And then there was college. My flute instructor in college was a gem. While he was not a proficient flute player himself, he understood the flute and what I needed to do to get the sound I wanted. And more than that, he understood music and musicality and musicianship! I loved my flute lessons with Dr. Budahl. From him, I learned how difficult it is to get through everything in a 30- minute lesson. Always too much music!
Dr. Budahl taught me so much more than music, though. He taught me about life, about priorities, about graciousness, and about loving God. I met him first at music camp when I was in high school. He was always cheerful, always working on music, always with a smile. And even though he is officially retired, he is still the same! When I have occasion to see him, his face still lights up with his smile. I am so thankful for his impact on my life.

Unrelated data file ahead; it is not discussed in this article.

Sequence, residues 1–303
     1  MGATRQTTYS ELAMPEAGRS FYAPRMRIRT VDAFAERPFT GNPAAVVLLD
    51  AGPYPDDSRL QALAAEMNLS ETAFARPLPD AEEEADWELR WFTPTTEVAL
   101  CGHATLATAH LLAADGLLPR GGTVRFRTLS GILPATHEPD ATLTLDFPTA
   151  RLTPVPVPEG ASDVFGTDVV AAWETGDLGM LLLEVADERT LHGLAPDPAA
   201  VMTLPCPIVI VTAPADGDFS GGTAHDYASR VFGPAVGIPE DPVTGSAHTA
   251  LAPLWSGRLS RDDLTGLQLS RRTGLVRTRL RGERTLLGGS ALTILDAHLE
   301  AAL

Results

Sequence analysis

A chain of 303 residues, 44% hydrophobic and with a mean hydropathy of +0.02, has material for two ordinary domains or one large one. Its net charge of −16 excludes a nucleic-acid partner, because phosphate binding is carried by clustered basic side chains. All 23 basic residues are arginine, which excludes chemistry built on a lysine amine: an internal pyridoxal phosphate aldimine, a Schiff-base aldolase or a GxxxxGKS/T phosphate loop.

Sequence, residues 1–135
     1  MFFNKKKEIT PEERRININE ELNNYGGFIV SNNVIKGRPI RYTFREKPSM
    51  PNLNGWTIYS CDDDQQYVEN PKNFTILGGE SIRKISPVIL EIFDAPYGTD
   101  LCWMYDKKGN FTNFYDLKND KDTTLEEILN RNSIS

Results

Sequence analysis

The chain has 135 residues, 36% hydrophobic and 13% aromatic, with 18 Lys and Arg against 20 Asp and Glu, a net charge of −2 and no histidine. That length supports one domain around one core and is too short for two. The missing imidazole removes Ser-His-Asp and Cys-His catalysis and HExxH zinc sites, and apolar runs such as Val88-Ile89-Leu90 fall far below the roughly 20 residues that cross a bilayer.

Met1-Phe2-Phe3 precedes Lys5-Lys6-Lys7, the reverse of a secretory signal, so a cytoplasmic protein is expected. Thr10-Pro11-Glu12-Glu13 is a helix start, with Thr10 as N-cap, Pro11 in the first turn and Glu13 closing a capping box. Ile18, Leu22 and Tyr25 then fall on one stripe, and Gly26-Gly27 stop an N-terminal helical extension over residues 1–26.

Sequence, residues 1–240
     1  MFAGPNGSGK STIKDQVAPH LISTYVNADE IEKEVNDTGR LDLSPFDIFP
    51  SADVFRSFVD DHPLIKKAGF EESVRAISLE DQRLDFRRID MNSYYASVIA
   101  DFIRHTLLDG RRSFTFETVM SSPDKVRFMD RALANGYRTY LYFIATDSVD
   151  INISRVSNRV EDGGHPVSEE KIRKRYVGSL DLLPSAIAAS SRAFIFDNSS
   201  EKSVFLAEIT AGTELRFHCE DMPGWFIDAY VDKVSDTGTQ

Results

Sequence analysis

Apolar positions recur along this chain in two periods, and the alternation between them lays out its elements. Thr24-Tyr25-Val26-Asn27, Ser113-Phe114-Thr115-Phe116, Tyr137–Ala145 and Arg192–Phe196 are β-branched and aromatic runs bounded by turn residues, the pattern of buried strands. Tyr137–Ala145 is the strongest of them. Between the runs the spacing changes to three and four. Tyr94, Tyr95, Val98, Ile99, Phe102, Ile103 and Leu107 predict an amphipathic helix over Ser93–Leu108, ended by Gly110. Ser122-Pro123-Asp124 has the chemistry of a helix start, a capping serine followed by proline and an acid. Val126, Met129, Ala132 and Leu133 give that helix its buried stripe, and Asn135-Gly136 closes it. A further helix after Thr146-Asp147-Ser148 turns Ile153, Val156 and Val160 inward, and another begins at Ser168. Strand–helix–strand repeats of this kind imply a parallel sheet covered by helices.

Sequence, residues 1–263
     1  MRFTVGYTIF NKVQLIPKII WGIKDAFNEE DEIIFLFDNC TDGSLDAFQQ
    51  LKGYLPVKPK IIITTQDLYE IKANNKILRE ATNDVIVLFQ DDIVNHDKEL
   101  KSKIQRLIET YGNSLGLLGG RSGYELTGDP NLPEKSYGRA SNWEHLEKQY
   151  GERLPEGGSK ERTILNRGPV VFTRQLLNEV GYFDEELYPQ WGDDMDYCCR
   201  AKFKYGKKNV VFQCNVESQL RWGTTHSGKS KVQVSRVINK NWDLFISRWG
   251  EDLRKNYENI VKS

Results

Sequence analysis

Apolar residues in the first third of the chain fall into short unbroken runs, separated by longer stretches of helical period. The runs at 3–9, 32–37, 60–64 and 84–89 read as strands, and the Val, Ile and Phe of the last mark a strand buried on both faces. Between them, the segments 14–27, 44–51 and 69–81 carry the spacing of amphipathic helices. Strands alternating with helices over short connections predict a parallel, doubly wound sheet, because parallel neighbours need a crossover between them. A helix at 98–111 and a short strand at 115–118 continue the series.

My Children’s Music Teachers
I won’t list for you all my kids’ music teachers – we would be here far longer than you would like! But each one of them was perfect for them at the time. The cello teacher whose cello case was painted like a cow. He was a computer tech guy by day and was perfect for my techy son who was a reluctant cello student at the time. And his next cello teacher taught him to think about what he was playing and why he played it the way he did. (And who always served snacks at his recitals!) Thank you, Mr. Moore.